Murray: Yeah, I know all of the data about the effectiveness of preschool programs, which are now being touted as the cure-all and it is a fascinating case of cherry-picking the studies they want to talk about. They find a few, which have had statistically significant results. They haven’t had transformative results. The kids who get the experimental programs still have lots of problems, but there are statistically significant differences. And they ignore all of the other evaluations that don’t show those results, and you end up with the kind of dismissive statement he made, which to me simply reflects wishful thinking on his part, and a refusal to come to grips with what the balance of the data say. As far as I am concerned, we have proven, pretty much beyond a shadow of a doubt at this point, that we do not know how to transform the lives of children who are raised in these environments that give them so many strikes against them.
Mohler: Well, that’s what brings me to the moral part of this, which is my main concern, the worldview implications, and speaking as an evangelical Christian, how Christians should think about this. I am going to let the left and the right, not as if I don’t have a stake in this, but I am going to let the left and the right argue about specific programs, what appears to me to be missing from this particular critique of your work is the understanding that the basic problem here is moral. Maybe these programs can ameliorate, but they can’t replace the father. Maybe these programs can make some incremental gain, and we can argue at what expense and to what cost of other priorities, but at the end of the day, the problem is a deeply moral problem, as you have suggested, it can only have a moral solution.
Murray: Exactly, I have in the past challenged my readers to say, “Look, what are you going to be willing to say that it is wrong – not just a mistake, but it is wrong to bring a child into the world that you are emotionally or intellectually or financially unprepared to care for.” That doesn’t mean we should have laws against it, doesn’t mean we should bring the cops in, but we should start by saying is that the simply word, “wrong” applies.
Mohler: Well, Dr. Murray, you are talking about something that is right in terms of the center of my concern, and that has to do with one of my projects right now, which is the change in moral language. Let me document that just a bit for you. And again, this is going to be anecdotal, but I think it will hit home. You have someone raised in one of your super zips, a young man who is now, well let’s say, in graduate school, or in law school at Harvard, and he has a girlfriend who is a recent graduate of Welsley, and they develop a romantic relationship, and he gets her pregnant. The language that is so often used by his peers and his parents in the social circle is that what he did was “stupid.” Stupid is not the same thing as wrong. And so, what you have, I would argue, and you didn’t go into this a great length, but I am trying to look at it myself, when you start to look at the world of the elites, there are very few moral issues that are not translated into a softer form of moral discourse, and that communicates, it’s a loss of the ought in terms of any kind of theistic ethic. It’s a deontological ethic, a command ethic, and what you are left with is just the idea that it is not that smart. In other words, I’ll be honest, I don’t think rational choice theory in terms of moral argumentation is going to get us out of this.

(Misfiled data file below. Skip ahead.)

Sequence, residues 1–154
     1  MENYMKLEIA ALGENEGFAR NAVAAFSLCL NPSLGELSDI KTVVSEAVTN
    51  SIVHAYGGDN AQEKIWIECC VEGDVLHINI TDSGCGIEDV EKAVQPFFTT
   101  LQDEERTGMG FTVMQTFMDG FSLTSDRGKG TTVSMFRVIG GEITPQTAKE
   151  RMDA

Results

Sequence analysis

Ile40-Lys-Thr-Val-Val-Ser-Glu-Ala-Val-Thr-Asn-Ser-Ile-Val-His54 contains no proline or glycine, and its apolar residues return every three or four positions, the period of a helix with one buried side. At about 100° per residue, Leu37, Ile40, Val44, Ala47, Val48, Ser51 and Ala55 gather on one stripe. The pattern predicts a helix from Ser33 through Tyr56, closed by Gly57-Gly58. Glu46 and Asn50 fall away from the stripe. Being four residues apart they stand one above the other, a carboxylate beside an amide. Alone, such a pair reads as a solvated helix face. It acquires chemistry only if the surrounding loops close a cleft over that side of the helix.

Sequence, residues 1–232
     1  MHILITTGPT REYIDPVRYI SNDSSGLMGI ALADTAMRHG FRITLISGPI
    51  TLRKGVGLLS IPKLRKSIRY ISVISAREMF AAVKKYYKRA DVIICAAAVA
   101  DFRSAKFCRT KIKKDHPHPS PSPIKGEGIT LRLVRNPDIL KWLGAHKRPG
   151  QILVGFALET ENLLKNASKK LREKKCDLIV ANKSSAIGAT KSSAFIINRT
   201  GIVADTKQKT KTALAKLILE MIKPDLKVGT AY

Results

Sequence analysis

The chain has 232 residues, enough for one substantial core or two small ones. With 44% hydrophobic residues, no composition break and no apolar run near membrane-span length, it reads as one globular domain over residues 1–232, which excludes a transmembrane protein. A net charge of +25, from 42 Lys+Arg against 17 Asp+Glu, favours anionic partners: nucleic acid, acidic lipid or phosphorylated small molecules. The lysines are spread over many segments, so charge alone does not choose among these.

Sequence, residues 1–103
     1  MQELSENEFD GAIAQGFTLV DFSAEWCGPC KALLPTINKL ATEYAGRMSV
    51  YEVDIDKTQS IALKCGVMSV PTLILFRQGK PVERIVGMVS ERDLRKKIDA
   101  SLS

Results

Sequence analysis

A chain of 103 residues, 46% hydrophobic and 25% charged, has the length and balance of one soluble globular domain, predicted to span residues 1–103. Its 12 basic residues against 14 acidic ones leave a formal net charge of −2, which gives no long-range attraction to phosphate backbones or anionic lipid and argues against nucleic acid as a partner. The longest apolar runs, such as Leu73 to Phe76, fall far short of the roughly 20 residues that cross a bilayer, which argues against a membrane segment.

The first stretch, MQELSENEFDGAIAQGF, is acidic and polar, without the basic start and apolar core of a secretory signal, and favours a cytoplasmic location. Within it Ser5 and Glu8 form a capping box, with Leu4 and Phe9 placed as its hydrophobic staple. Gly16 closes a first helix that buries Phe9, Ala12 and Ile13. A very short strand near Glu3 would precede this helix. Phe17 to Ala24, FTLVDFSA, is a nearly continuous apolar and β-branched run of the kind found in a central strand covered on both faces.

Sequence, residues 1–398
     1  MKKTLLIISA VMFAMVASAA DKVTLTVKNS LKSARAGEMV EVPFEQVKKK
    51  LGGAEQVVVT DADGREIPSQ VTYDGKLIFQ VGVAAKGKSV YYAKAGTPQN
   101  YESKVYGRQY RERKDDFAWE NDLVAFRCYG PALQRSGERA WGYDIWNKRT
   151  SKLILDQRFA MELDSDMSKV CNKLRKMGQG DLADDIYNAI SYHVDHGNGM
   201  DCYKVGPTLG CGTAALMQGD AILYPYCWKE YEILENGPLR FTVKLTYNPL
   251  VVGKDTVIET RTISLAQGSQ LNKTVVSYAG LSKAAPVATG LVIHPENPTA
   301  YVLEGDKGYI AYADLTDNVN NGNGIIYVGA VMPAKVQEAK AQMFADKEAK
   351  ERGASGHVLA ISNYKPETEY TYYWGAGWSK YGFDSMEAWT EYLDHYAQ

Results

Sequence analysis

Murray: No, it is not going to get us out, it is going to have to be a moral reformation. The good news is that the United States actually has a history of doing that occasionally. These great awakenings in American history are classic cases of moral reformation and for the religious base that change national norms quite substantially, or more recently you can take the civil rights revolution, which went essentially from a standing start in the mid 50’s to the Civil Rights Act of 64 in about a decade. So, it is not impossible that such a moral revolution should take place, but it is not going to take the place because of a president standing behind a podium and proposing legislation to congress. It is going to have to take place in American homes. 42:00